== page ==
An Ordinary Life 4 - Maatukaalai
Dr.Maatukaalai's biggest crib was his name.
Contrary to what people thought, for the first year of his life, he would gurgle in answer to a rather erm...ordinary Anand. His trouble started the day he turned two, when he fell grievously ill with some un-diagnosable disease.
After running from pillar to post and doctor to quack, his parents fell at the painted clay feet of the six-feet tall Ayyanar God in their village. Two days after final surrender to the pagan lord, the boy miraculously sat up and spoke his first word. He said : "Maatukaalai." At least they thought he said, "Maatukaalai."
Taking this as the word from the Lord, his grandmother went right ahead and re-named him Maatukaalai. The child's parents, city-lubbers both, flinched as they heard the matriarch pronouncing the name. Not that they had any say in the matter. The father tried to protest feebly for the two of them, but the matriarch would have none of it: "Ayyanar is a powerful God. He will not take it well if you ignore his command. Maatukaalai it will be."
And so it was.
* * *
Pondering over his life as he saw it later, Maatukaalai thought things would not have been so bad if they had not moved to the city. If they had stayed in the village, he would have been Maatukalai still, but it was more likely that the name would have blended in with the landscape of the village.
Only six months after the nomenclature tragedy in his life, Maatukalai and his parents moved to Chennai. As a little lisper, the boy, when asked his name would say, "Maadu."
And the adults would roll with laughter.
When Maatukkalai went to kindergarten, his Anglo-Indian teacher couldn't say his name very well. The other boys in the class could, and they found it very funny, as boys are wont to. They never stopped finding it funny. Consequently, the little boy, who did not fancy being the joke, dreaded going to school; his fertile imagination would work up several excuses to play hookey, but he never managed to convince his parents. Unfortunately for him, Maatukaalai had not suffered from as much as a cold since his dramatic recovery at the age of two and his parents knew that.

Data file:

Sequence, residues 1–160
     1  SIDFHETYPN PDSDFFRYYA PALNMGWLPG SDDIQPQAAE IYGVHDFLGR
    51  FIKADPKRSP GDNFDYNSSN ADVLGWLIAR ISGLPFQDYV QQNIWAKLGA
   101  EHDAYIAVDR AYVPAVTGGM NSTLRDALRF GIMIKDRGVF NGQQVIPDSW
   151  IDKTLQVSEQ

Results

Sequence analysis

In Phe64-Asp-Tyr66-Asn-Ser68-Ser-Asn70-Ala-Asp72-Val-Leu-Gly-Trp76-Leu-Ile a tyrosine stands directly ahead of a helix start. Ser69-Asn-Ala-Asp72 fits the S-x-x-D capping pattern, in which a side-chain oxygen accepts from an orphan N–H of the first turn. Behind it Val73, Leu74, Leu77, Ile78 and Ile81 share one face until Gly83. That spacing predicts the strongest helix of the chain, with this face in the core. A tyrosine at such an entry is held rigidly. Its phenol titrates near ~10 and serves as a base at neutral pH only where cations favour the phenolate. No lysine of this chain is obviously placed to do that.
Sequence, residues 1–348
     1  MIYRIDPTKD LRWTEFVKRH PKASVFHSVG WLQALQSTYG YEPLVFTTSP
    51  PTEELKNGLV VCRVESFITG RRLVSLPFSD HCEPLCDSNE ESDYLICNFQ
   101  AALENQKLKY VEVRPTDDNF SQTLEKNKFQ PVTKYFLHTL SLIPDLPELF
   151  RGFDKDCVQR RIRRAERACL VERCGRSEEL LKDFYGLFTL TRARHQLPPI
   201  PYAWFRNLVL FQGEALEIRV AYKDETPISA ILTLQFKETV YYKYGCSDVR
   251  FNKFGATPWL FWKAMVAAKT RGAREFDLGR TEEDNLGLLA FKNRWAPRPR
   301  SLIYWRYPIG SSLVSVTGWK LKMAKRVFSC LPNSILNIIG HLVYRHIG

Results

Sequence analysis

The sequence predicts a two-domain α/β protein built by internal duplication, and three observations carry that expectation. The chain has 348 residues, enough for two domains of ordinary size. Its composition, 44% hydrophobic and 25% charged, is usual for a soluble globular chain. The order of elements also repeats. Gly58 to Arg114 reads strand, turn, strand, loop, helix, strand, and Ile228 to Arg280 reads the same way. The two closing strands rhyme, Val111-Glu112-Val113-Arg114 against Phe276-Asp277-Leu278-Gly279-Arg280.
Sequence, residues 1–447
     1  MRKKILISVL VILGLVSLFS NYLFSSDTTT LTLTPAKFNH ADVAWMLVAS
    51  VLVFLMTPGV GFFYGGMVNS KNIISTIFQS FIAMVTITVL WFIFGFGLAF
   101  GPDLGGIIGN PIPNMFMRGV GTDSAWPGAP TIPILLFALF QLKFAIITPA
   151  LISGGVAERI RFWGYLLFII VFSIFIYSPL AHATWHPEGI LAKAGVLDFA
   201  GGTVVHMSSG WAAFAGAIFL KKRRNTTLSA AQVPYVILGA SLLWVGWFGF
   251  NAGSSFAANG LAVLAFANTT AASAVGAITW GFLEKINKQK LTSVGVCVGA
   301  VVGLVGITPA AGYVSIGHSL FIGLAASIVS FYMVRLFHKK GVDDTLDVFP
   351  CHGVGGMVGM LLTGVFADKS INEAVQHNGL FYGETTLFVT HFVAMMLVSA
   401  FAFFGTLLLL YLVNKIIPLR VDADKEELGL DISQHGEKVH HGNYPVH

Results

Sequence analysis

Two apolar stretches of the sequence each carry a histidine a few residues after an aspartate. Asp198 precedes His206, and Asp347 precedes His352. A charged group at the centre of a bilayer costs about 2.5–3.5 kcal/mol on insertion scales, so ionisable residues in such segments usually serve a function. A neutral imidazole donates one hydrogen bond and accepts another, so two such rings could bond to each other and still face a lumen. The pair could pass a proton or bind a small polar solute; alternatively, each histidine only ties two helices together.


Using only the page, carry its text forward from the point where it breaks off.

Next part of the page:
So he turned inward, shy, retiring, a nerd, with his face buried in his books. Not surprisingly, he did well in school, which only made the boys laugh at him harder. "Nerdy cow-bull" they would call him, the convent boys that they were.
* * *
No one was surprised when Maatukalai went on to medical college. They were no more surprised when, at the end of five years, he took home more gold medals than any student ever had.
However, when he asked for his first posting in rural Tamil Nadu, most people who knew him were startled. They believed he was throwing away his future, his postgraduation in Harvard Medical School, a career in neurology, his life. Some thought his desire to serve the rural poor was commendable.
But Dr.Maatukaalai was only living out his only desire; he sincerely believed that going rural was his only way to merge with the landscape, what with a name like his. He packed his bags and took a long ride bumpy bus-ride to Viralimalai, stepping off the bus with a steth around his neck, his lips cracking up involuntarily in anticipation of a new life.
* * *
You couldn't have expected him to forsee that the villagers, in their fondness for their first- ever resident physician, would come to refer to him as 'Maattu-daktar.'*
*Maattu-daktar - rural Tamil slang for a vet. Translates literally to "cow-doctor"